Kate V. Morgan

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In nature, many animals build structures that can be readily measured at the scale of their gross morphology (e.g. length, volume and weight). Capturing individuality as can be done with the structures designed and built by human architects or artists, however, is more challenging. Here, we tested whether computer-aided image texture classification(More)
Contrary to theories of rational choice, adding alternatives to a choice set can change the choices made by both humans and animals. This is usually done by adding an inferior decoy to a choice set of two favoured options that are characterized on two distinct dimensions. We presented wild, free-living rufous hummingbirds (Selasphorus rufus) with choices(More)
Katja Mehlhorn and Cleotilde Gonzalez were supported by the National Science Foundation Award number: 1154012 to Cleotilde Gonzalez. The ideas in this manuscript originated from discussions in a workshop titled: "Predicting Choice from Exploration" Abstract Many decisions in the lives of animals and humans require a fine balance between the exploration of(More)
We examine the impact of chewing gum on a Bakan-type vigilance task that requires the continual updating of short-term order memory. Forty participants completed a 30-min auditory Bakan-task either with, or without, the requirement to chew gum. Self-rated measures of mood were taken both pre- and post-task. As expected, the vigilance task produced a(More)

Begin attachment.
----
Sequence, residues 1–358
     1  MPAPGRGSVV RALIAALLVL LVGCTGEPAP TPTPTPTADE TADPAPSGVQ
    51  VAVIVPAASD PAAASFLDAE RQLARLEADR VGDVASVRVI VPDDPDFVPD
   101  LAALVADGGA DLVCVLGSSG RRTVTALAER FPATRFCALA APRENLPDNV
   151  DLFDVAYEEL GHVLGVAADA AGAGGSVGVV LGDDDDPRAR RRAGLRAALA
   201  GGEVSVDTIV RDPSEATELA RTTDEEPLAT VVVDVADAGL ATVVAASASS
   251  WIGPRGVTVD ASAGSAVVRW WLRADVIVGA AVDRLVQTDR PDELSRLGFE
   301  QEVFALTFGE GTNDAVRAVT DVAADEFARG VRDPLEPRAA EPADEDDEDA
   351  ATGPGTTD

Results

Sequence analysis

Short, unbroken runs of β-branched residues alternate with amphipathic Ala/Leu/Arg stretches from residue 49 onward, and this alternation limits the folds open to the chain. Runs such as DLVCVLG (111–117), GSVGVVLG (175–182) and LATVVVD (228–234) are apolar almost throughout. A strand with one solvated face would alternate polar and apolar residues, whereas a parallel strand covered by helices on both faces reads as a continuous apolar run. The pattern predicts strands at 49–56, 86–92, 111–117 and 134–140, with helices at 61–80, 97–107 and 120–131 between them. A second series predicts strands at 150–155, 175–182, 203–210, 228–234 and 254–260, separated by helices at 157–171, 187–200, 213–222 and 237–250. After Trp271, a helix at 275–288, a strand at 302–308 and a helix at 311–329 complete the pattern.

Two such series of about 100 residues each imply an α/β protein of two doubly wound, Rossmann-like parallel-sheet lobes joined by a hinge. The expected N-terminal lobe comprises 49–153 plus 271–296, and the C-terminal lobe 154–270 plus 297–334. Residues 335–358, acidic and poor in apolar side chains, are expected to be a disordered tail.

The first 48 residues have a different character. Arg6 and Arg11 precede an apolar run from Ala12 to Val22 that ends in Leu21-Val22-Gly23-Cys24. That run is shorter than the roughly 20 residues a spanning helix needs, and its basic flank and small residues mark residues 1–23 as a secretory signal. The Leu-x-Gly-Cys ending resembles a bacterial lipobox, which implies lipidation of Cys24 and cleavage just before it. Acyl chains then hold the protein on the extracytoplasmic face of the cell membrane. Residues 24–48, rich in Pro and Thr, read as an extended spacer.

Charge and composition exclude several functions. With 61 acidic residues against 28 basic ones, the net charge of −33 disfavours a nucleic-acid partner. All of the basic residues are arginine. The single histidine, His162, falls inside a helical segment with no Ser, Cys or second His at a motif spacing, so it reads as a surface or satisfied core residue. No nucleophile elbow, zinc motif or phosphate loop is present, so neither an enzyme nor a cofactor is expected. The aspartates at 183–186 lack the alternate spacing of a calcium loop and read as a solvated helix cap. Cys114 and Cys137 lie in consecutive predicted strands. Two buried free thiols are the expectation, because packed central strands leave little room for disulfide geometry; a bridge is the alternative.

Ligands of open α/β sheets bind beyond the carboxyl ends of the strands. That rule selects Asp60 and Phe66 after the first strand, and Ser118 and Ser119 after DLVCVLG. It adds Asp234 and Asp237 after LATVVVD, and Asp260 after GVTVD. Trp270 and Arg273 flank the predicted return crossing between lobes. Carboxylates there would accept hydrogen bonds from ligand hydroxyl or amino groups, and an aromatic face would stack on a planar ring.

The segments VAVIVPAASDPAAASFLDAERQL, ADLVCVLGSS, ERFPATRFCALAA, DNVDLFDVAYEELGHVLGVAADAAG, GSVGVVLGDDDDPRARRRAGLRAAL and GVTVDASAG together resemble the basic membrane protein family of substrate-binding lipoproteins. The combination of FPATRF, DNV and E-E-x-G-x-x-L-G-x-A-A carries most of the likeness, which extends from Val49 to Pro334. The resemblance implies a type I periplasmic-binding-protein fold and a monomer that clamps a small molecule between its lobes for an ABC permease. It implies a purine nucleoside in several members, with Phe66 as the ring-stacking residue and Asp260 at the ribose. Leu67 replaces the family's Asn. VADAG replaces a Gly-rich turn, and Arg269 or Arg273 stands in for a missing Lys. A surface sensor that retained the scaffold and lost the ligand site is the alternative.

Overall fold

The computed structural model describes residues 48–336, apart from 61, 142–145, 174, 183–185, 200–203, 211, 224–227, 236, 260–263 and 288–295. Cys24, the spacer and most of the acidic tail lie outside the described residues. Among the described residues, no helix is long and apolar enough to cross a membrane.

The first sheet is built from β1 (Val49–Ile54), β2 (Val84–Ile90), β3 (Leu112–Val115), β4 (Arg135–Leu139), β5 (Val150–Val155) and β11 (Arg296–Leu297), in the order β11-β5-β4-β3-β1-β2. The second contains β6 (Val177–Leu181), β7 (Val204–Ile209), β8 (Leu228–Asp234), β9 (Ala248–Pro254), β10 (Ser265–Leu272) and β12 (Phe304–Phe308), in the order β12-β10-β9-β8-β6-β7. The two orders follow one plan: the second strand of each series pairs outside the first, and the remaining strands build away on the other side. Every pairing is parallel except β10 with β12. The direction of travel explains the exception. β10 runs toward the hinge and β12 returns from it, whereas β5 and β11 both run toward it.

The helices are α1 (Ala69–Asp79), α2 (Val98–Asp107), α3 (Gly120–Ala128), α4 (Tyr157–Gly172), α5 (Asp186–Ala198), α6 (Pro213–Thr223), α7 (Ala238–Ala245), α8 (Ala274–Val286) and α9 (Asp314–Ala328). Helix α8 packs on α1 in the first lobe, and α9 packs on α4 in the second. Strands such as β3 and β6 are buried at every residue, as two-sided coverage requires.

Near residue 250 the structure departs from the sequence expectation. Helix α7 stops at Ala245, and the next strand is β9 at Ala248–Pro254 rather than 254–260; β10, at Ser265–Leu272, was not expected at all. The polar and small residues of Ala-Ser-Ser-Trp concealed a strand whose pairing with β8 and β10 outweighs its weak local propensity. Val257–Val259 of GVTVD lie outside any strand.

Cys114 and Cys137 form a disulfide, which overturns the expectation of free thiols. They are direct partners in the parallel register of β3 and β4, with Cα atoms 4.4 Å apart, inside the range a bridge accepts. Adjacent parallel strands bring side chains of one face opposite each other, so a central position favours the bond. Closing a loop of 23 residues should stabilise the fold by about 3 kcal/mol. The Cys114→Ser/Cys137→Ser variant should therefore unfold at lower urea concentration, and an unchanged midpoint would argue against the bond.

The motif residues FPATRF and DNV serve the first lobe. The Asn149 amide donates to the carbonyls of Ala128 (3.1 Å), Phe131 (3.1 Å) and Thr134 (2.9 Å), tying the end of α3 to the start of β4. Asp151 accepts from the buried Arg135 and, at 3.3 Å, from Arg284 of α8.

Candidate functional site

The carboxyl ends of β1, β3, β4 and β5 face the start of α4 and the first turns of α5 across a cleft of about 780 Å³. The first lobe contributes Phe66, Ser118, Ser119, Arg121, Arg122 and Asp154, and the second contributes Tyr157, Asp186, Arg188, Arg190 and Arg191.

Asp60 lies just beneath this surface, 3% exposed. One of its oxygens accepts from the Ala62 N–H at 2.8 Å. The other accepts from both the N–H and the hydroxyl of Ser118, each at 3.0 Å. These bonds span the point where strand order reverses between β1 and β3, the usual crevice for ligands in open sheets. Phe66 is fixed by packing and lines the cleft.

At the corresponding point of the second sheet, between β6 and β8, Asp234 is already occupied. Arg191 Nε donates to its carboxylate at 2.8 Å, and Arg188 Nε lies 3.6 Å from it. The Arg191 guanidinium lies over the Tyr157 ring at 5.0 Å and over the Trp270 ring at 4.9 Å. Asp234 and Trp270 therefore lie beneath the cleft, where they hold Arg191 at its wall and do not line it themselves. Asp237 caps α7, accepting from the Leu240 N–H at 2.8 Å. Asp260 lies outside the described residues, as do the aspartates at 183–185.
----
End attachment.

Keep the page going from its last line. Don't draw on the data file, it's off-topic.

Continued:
It is generally assumed that birds' choice of structurally suitable materials for nest building is genetically predetermined. Here, we tested that assumption by investigating whether experience affected male zebra finches' (Taeniopygia guttata) choice of nest material. After a short period of building with relatively flexible string, birds preferred to(More)
For both humans and animals preference for one option over others can be influenced by the context in which the options occur. In animals, changes in preference could be due to comparative decision-making or to changes in the energy state of the animal when making decisions. We investigated which of these possibilities better explained the response of wild(More)
When making decisions between options, humans are expected to choose the option that returns the highest benefit. In practice, however, adding inferior alternatives to the choice set can alter these decisions. Here we investigated whether decisions over the facial features that people find healthy looking can also be affected by the context in which they(More)
  • Bailey Ie, Backes A, Walsh Pt, Morgan Kv, Meddle Sl, Healy Sd +6 others
  • 2016
Woven signatures: Image analysis of weaverbird nests reveals signature weave patterns General rights Copyright for the publications made accessible via the Edinburgh Research Explorer is retained by the author(s) and / or other copyright owners and it is a condition of accessing these publications that users recognise and abide by the legal requirements(More)
General rights Copyright for the publications made accessible via the Edinburgh Research Explorer is retained by the author(s) and / or other copyright owners and it is a condition of accessing these publications that users recognise and abide by the legal requirements associated with these rights. Take down policy The University of Edinburgh has made every(More)
When animals make choices about food sources, potential mates or nest sites, they encounter options either simultaneously or sequentially. As human choices can be altered depending on whether they encounter options simultaneously or sequentially, it seems plausible that animal choices may also be influenced by the way in which they encounter options. Here,(More)